The Tamil nationalist movement (Dravida Nadu) had ignited major civil and political unrest in the 1950s and Sixties. It went through its own cycle of vicissitudes, though the readily available political plank of Indian democracy ensured popular expression and mainstreaming by the Dravidian parties, that have held the popular mandate between the two principal Dravidian parties, ever since 1969.

The unrest in Punjab was essentially embedded in socioeconomic disaffection, coupled with mismanagement and political one-upmanship that eventually led to a cataclysmic and painful militancy. Ultimately in Punjab too, with the security factor, it was the expression and acceptance of certain grievances and local perceptions that led to the pathbreaking Rajiv- Longowal Accord in 1985. Since then, the Akalis of various denominations have retained political significance. Even the present Chief Minister of Punjab, Captain Amarinder Singh, had then joined the Shiromani Akali Dal in protest and even today as a Congressman, rightfully remains steadfast on matters of regional concern and perceptions. Time and again, deliberate ‘inclusivity’ of the emotionally disenfranchised citizenry has been the secret.

As a former combatant who has fought and commanded troops in such places as insurgency- infected Mizoram, Punjab and the J&K, emotions relating to ‘fallen-brothers’ are raw, internalised and part of a sacred covenant that needs no politicising or contexualising with any convenient or insincere partisan objective. Sadly the ‘Soldier’ is getting appropriated and invoked to cover an ingenuity paralysis and inaction, as often as not due to ‘electoral implications’.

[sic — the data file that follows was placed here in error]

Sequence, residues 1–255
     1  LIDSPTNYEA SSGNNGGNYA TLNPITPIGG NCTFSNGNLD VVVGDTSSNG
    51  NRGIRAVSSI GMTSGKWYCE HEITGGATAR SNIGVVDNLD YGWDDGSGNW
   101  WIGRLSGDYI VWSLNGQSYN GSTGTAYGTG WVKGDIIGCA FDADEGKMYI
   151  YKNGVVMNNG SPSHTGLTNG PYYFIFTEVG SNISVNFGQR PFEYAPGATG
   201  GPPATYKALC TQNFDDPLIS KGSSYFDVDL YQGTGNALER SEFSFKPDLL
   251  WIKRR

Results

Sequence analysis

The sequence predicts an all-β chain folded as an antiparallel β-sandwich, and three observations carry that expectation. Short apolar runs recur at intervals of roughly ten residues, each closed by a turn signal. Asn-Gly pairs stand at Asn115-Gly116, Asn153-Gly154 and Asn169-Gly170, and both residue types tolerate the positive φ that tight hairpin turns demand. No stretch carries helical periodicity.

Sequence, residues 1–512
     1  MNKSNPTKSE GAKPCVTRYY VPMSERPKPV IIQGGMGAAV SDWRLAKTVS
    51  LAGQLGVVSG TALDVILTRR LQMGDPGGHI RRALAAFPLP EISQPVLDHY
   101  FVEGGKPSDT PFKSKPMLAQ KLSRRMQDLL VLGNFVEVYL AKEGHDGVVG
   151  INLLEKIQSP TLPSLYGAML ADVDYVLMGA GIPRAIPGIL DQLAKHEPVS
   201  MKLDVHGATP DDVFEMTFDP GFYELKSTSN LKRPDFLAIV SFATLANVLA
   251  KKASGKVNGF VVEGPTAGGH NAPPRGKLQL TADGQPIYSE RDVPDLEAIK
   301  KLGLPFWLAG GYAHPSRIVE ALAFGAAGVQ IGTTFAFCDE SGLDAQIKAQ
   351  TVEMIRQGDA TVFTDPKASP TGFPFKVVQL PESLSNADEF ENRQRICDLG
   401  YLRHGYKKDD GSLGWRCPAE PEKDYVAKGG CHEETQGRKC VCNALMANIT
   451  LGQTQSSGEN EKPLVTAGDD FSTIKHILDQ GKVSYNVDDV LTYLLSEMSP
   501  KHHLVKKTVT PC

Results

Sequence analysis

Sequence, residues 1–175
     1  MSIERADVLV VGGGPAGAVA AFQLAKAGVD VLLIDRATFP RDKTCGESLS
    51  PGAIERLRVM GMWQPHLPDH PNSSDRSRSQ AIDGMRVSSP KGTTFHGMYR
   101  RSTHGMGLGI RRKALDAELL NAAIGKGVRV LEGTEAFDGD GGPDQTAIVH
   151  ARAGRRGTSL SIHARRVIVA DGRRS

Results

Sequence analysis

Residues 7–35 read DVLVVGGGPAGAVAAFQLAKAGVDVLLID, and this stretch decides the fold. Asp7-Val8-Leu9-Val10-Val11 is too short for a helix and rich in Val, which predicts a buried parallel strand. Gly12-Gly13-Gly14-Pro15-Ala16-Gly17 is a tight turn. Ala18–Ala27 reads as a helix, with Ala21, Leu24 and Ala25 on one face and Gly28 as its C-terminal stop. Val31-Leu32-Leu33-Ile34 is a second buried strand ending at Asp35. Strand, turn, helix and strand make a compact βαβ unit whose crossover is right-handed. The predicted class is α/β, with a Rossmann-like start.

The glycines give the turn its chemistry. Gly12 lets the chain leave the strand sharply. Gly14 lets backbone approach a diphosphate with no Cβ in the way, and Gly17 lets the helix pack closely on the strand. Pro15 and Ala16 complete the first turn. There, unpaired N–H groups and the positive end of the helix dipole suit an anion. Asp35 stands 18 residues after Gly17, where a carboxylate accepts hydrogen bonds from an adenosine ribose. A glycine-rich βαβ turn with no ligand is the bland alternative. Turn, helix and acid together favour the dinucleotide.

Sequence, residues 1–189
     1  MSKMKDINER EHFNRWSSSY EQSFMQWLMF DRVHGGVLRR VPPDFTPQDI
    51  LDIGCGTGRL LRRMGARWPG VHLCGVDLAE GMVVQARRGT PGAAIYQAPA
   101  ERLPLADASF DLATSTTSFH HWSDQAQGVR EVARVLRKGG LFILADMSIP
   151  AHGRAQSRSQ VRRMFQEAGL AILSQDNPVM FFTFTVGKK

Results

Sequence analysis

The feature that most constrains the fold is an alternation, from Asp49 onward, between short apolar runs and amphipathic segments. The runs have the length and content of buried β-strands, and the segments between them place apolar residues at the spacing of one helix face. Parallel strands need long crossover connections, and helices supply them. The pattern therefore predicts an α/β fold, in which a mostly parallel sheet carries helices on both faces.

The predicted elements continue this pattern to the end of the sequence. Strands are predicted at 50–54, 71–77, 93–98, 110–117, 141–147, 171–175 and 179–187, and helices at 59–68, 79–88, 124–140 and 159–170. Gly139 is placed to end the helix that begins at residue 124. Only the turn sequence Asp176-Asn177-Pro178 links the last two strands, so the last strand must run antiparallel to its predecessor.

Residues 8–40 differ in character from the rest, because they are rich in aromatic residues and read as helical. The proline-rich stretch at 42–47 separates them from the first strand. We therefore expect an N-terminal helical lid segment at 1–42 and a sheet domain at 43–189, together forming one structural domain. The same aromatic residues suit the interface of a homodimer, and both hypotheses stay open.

The ‘Soldier’ has done, and will do his duty as mandated by the Constitution for he or she swears solely by the Constitution of India and not to a political party, irrespective of personal preferences. Surely, the armed forces have steadily been denuded in the national narrative, but that is a separate subject which is actually ignored by all parties in the political spectrum.

Jammu and Kashmir is above all a major security issue, and not just a military issue. History has recorded the glaring absence of mainstreaming, accepting and/or rejecting the democratic inclusion, as was done in all other disturbed areas. An honest discourse on local issues and perceptions, such as they exist, and without the other eye on the rest of the country would be a major step forward from the current deadlock. In this background, efforts to ‘voice’ and mainstream concerns as done by a Shah Faesal or Mehbooba Mufti needs to be accepted. Their act of redressal of and deference towards local sensitivities needs to be understood as part of democratic certitudes. India needs to hear the Kashmiri perspective in totality, beyond questioning the intent and tact of these individuals. Healing is a slow process of emotional inclusion of the ‘other’. The contours of the Constitution are wide enough to accommodate all, but increasing hypernationalism strips the State of options. The inclusive refrain of Insaniyat, Jamhoriyat, Kashmiriyat beckons, and history shows that a nation does not get weaker by heeding to it. The ‘enemy’ failed in Mizoram and Punjab. J&K can be no different.

(The writer IS Lt Gen PVSM, AVSM (Retd), Former Lt Governor of Andaman & Nicobar Islands & Puducherry)